PA 10-24—sHB 5235
Insurance and Real Estate Committee
AN ACT REQUIRING THE PROVIDING OF CERTAIN INFORMATION UPON CERTAIN DENIALS OF HEALTH INSURANCE COVERAGE
SUMMARY: This act requires certain health insurers who deny coverage of a requested service because it is not (1) medically necessary or (2) a covered benefit to notify the insured of his or her ability to contact the Office of the Healthcare Advocate if the insured believes he or she has been given erroneous information. Insurers must also provide the insured with contact information for the healthcare advocate's office.
The act applies to each insurer, health care center, hospital or medical service corporation, or other entity that delivers, issues, renews, amends, or continues in Connecticut individual or group health insurance policies that cover (1) basic hospital expenses; (2) basic medical-surgical expenses; (3) major medical expenses; or (4) hospital or medical services, including coverage under an HMO plan.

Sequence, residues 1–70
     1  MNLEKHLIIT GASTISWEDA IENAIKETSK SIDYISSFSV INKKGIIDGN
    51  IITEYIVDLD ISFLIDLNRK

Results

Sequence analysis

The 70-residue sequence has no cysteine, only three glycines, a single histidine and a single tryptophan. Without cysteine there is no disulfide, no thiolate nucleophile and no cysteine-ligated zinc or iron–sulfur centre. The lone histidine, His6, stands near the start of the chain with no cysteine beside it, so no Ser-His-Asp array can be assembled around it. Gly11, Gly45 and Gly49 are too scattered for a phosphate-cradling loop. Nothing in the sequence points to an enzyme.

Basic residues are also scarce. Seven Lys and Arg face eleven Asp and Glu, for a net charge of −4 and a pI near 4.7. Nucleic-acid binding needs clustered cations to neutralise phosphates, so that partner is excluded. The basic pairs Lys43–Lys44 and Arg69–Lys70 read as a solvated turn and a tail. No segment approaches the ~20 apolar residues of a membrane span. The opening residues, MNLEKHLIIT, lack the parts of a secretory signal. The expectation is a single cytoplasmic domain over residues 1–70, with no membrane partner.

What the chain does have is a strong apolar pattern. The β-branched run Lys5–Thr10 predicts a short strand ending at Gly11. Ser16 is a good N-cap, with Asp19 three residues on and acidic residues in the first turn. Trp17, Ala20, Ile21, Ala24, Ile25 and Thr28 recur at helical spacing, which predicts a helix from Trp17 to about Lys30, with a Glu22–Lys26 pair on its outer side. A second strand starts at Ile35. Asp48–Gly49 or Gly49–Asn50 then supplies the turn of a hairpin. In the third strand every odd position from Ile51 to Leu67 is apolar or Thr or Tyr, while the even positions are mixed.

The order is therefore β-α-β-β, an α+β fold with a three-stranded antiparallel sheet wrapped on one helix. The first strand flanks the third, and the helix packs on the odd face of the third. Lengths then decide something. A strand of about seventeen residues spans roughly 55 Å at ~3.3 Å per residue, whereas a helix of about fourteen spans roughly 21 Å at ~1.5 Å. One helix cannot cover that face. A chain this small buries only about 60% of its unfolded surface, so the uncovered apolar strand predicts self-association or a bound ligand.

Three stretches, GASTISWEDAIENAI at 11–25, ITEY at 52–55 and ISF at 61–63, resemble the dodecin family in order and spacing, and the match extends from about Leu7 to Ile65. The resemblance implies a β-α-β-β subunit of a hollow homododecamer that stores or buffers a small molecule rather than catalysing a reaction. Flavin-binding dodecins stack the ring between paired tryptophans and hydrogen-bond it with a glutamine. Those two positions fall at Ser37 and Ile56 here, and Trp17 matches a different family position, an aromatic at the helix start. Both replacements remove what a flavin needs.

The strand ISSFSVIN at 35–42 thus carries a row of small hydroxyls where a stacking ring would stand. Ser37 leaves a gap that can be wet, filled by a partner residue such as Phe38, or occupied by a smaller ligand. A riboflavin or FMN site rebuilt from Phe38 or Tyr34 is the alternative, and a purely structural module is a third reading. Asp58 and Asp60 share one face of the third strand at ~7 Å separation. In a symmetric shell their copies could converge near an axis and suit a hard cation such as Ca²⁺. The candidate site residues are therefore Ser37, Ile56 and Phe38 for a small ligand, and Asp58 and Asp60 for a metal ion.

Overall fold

Due to federal law (ERISA), state insurance benefit mandates do not apply to self-insured benefit plans.
The act also imposes a 45-day coverage determination and notice requirement on any of the above entities that continue an individual or group health insurance policy in Connecticut. The law already requires this for individual and group policies that are delivered, issued, amended, or renewed in the state.
EFFECTIVE DATE: January 1, 2011
The law requires policies to include the following definition of “medically necessary. ” Medically necessary services are health care services that a physician, exercising prudent clinical judgment, would provide to a patient to prevent, evaluate, diagnose, or treat an illness, injury, disease, or its symptoms, and that are:
1. in accordance with generally accepted standards of medical practice;
2. clinically appropriate, in terms of type, frequency, extent, site, and duration and considered effective for the patient's illness, injury, or disease;
3. not primarily for the convenience of the patient, physician, or other health care provider; and
4. not more costly than an alternative service or sequence of services at least as likely to produce equivalent therapeutic or diagnostic results.
“Generally accepted standards of medical practice” means standards that are (1) based on credible scientific evidence published in peer-reviewed medical literature generally recognized by the relevant medical community or (2) otherwise consistent with the standards set forth in policy issues involving clinical judgment (CGS §§ 38a-482a and 38a-513c).
OLR Tracking: ND: VR: PF: ts